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Comment Re:Read it again (Score 1) 183

And with a given nitrate production, an increase in rainfall would tend to dilute the nitrates in the runoff.

Dilution doesn't matter because of concentration. Not just bioconcentration, which is one reason it definitely doesn't matter, but also the simple fact that like materials tend to concentrate in specific locations due to their physical properties.

Comment Re:Yeah, but didn't we ban phosphates already? (Score 1) 183

The problem is that weather is chaotic. As you add energy to the climate, hot places will tend to become hotter, the rainy places will tend to become rainier, but you will also get more freak events that do not correspond to the normal rules because adding more energy to the system makes new types of events possible. Droughts become longer... but may be punctuated by flash floods.

Comment Re:In other Nuclear News (Score 1) 41

I'm not sure what you think I'm supposed to take away from this. The is a discussion of nuclear power plant security and the Fukushima site seems pretty secure right now. They have no sign of uncontrolled release of radiation,

What? That is the exact opposite of what is happening. There is seawater exchange in and out of the location where they found the melted fuel. Remember when they were denying that there was even a meltdown? Evey time Tepco communicates, they lie. It's the most reliable force in the universe.

Comment Re:And who wants this? (Score 1) 273

A whole bunch of fucking websites with chatboxes beeping at me, why the hell would I want that?

I'm a contract programmer. One client prefers to discuss requirements using Skype, another using Discord, etc. I want to know when my client has answered my question about a particular point of the requirements.

Comment Re: What are the free replacements? (Score 1) 387

Seems like your sol then because the only person bringing up proprietary software here is you.

I was replying to AC #54866691 who wrote: "All of which are crap or a better open source alternative exists."

Again, installing an os shouldnt mean also installing a whole bunch of crap that you cant uninstall.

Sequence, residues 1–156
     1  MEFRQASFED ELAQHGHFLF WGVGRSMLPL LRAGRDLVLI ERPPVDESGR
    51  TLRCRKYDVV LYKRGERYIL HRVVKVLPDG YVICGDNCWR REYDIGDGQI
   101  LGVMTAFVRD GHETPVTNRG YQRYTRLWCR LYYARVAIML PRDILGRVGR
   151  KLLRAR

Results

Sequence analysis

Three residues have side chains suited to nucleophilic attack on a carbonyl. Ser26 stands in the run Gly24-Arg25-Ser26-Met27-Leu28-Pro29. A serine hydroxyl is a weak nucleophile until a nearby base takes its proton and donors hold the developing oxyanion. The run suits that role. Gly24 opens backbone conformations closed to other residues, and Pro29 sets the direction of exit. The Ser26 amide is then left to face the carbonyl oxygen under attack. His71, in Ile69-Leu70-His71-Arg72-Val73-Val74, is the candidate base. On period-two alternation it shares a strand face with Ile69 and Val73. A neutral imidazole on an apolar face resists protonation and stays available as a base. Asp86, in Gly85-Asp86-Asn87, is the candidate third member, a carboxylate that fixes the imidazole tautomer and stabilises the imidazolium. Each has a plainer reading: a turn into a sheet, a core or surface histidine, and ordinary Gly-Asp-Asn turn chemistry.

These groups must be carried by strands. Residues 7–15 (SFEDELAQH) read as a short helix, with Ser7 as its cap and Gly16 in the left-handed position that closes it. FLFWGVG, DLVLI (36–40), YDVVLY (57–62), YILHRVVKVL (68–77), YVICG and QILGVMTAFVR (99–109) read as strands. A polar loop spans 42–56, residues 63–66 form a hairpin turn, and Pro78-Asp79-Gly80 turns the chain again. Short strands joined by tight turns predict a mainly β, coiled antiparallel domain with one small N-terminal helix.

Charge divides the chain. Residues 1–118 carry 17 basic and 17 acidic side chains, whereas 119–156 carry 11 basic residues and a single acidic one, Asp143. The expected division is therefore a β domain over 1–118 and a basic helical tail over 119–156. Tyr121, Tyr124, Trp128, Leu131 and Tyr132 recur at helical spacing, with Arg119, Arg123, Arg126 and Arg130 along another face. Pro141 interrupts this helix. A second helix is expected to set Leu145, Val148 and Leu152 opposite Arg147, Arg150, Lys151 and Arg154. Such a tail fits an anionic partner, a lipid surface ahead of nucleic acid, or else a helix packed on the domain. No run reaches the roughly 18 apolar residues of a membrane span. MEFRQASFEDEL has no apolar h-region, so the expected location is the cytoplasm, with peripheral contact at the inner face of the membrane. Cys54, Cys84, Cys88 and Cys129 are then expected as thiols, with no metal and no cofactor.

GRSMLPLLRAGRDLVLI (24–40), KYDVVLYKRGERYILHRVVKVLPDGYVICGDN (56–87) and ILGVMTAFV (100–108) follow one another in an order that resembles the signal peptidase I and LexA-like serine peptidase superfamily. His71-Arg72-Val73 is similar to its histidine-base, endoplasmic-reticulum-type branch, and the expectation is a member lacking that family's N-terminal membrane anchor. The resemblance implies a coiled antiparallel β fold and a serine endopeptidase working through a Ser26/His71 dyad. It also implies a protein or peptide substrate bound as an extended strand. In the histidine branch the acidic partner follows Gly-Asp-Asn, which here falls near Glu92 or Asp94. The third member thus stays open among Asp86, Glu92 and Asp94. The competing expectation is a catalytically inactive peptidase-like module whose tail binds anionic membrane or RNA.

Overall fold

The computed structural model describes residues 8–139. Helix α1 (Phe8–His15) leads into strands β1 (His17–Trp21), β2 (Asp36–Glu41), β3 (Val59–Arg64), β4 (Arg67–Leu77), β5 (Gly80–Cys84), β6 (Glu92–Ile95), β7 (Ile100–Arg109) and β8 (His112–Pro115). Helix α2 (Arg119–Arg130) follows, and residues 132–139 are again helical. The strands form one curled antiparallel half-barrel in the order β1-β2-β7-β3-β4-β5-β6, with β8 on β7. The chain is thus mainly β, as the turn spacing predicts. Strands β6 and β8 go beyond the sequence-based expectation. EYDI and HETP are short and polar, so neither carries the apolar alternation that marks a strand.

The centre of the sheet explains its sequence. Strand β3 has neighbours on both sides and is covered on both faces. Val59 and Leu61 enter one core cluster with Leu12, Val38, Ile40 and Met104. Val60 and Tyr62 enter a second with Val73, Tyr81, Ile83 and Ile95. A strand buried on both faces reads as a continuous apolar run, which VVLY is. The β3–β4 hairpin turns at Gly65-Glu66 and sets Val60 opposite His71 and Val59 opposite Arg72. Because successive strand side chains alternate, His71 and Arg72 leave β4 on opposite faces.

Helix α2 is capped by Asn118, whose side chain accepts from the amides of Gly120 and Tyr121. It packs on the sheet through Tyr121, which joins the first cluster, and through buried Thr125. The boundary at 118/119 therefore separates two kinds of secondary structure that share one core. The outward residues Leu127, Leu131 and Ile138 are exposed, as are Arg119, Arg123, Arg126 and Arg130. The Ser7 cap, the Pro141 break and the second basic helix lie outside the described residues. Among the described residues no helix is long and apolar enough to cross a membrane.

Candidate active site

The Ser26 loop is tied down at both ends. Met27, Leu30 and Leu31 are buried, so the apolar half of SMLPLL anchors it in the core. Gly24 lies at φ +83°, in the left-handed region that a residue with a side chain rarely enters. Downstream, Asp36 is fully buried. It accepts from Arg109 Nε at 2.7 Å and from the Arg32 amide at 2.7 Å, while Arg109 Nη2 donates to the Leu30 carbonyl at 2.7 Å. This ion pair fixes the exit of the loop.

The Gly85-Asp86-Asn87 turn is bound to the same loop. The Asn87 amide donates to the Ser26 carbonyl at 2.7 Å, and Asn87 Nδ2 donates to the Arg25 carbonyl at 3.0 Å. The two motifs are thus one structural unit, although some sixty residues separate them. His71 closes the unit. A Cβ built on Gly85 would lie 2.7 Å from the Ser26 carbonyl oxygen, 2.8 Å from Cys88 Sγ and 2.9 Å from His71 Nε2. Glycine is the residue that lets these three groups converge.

I agree with this statement. I was only disputing the claim that "a better open source alternative exists" for a lot of the stuff mentioned in that comment.

Comment Re:Real Applications (Score 1) 273

You're screwdrivers not hammers. Quite trying to turn nails.

A Phillips screwdriver cannot turn a Torx screw nor vice versa. Should people carry both in case they need to turn a given kind of screw? Should people carry both a Windows laptop and a MacBook to run both Windows apps and macOS apps? Should people carry both an Android phone and an iPhone to run both apps on Google Play Store and apps on the App Store?

Comment Re:About PWAs (Score 1) 273

Cookies are for storing tokens that represent authenticated sessions, usually smaller than 1 kB. Because a cookie is sent along with every request to an origin (or to other origins in the same registered domain), it's not ideal for storing an entire document that the user has chosen to make available for reading later while his laptop or tablet is out of range of home Wi-Fi.

Comment Re:Who would not want this? (Score 1) 273

If you're trying to do something complicated that requires native binaries, but you're using Javascript instead, you're doing it wrong. Period.

The difference between "native binaries" and a web application is that "native binaries" are specific to one brand of operating system, and web applications theoretically are not. So should these "native binaries" that you recommend be made for Microsoft Windows first, for GNU/Linux first, or for macOS first?

Comment Offline support to save money on cell bill (Score 1) 273

I don't need offline support. Who does?

People who don't have hundreds of dollars per year for cellular Internet on top of the hundreds of dollars per year they already pay for home Internet. Offline support allows a user to load a web application on a laptop, board a bus, read the downloaded works in the web application, reply to them if necessary, and upload the changes when he returns home to his Internet connection.

Comment Good (Score 3, Insightful) 93

Paywalled research is just a bad idea.

Yes, I understand that the peer review and publication process has to be paid for, but restricting access to the fruits of scientific progress -- and therefore also limiting further progress! -- is the wrong way to do it.

My guess is that we'll transition to an "author pays" model. Researchers employed by institutions will have their fees covered by their employer. Researchers who don't have that option are already disadvantaged under the current model, so the fact that they'll still be disadvantaged isn't so terrible. Plus they'll still be able to publish in free online archives that accept non-reviewed and unedited work. Really good work should find it fairly easy to get someone to fund the peer review and editing required to get it into a journal.

Comment Re: Short-sighted view (Score 1) 404

It was an awesome deal :-)

Basically, Nissan took it in the shorts for hugely overestimating the residual value of the car when they leased it to me. I think the original lease agreement assumed a residual of over $20K, but the market value had plummeted to barely a third of that by the end of the lease plus a one year extension.

I think the car would have been an okay deal even without their serious miscalculation. With it? What a steal.

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